Case Study: Culture At Chipotle

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Culture at Chipotle Culture is increasingly important for companies to be competitive and relevant in the marketplace. Chipotle, a fast-casual restaurant company, understood the need to develop culture to attract and cultivate the employees that would help the company grow. Because of the changes, they have made and the employee-centric culture they have cultivated, they have changed their industry and continue to set standards for many industries to achieve. As with many companies, they also have weaknesses in their culture that need to be addressed and improved. Chipotle Culture Development Chipotle has come to be known for the culture they have developed over the last several years. Prior to 2005, Chipotle was a developing company, ninety…show more content…
The program aimed to encourage their employees to be healthy and happy while saving them money on their healthcare costs and reducing turnover (2015a). All these changes were slowly introduced and have recently had a significant growth of employee participation (2015a). The wellness initiative also kept Chipotle’s culture a competitive advantage as others began to adopt their strategies. Impact of the culture changes. One year after the changes were initially implemented in all the Chipotle locations, 86% of managers on salary and 96% of hourly managers were the result of internal promotions versus 20 percent in year prior (2014c). Sales increased dramatically and hundreds of new stores were opened nationwide. Most recently, many of the employees have taken advantage of the new wellness program allowing them to save money on their insurance and to get healthier…show more content…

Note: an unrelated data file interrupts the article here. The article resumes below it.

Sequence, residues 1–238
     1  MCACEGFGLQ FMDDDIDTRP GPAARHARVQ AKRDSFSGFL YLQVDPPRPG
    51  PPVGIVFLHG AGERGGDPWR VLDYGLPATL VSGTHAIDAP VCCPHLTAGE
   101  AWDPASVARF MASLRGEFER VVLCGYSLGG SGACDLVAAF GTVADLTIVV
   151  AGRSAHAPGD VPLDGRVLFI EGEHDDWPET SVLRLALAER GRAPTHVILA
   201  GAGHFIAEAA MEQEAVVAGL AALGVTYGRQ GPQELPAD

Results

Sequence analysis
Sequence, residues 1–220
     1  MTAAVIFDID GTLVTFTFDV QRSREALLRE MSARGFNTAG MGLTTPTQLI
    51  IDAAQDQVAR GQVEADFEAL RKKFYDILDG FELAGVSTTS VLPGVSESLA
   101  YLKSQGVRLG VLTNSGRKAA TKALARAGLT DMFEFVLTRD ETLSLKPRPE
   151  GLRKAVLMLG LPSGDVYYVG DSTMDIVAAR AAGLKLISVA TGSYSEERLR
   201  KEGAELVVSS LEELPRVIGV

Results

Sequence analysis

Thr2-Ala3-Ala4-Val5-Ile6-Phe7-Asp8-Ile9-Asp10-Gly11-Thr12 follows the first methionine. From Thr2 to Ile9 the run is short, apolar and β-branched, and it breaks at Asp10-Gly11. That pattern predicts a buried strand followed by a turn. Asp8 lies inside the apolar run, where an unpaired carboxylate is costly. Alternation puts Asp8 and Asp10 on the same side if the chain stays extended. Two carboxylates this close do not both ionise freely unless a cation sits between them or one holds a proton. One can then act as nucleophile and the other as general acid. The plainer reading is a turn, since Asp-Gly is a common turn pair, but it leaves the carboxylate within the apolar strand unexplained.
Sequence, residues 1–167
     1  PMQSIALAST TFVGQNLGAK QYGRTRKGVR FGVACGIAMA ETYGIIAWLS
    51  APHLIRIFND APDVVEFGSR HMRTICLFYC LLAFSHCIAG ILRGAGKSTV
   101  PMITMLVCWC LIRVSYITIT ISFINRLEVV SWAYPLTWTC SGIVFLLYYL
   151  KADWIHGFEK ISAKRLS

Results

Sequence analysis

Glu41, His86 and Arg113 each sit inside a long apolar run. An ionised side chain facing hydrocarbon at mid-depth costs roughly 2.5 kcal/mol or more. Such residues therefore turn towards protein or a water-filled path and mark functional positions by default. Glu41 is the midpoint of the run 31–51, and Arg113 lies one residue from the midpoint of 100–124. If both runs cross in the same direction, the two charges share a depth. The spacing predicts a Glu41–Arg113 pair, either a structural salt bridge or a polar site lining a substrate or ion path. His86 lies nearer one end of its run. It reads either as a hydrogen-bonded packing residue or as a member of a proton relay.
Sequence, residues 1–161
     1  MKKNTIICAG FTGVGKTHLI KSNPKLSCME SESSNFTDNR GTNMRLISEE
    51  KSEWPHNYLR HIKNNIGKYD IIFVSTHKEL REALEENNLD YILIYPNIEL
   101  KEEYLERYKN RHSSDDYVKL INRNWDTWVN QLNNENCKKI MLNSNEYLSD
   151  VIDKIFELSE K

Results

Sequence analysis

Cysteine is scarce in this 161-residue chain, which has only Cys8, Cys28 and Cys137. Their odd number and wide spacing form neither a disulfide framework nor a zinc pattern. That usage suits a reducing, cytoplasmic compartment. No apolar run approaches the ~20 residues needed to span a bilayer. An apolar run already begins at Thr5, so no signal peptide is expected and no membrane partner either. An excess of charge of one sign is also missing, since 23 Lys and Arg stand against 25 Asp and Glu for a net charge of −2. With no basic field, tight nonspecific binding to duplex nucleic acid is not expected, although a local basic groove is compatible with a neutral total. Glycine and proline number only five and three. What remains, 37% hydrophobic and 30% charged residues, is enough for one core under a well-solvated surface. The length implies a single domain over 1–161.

The first dimension identified describes how companies view their customers as either an asset or a nuisance (2011). Similar to companies like Apple and Google, Chipotle values hiring people based on personality characteristics that align with their company values not just previous experience, and the 13 values that Chipotles looks for in their employees has allowed the company the ability to prioritize culture and develop business strategies, such as valuing customers, that effectively contribute to Chipotle’s success. The culture this strategy enables, recognizes customers as an asset within the organization and to employees. To illustrate this dimension of their culture, Chipotle’s employees are expected to demonstrate hospitality and politeness, 2 of the 13 characteristics, to their customers and coworkers (2014b). Chipotle also strives to serve a product to customers that satisfies their needs even when that may not be best for profit-margins. These qualities demonstrate how Chipotle views customers and defines employee expectations. “How the company views customers and clients will influence how its people (employees) treat customers and clients,” argued Flamholtz and Randle (2011, pg. 30). Based on that argument, Chipotle has made a successful attempt at this dimension by building this into the foundation of the culture and values at the

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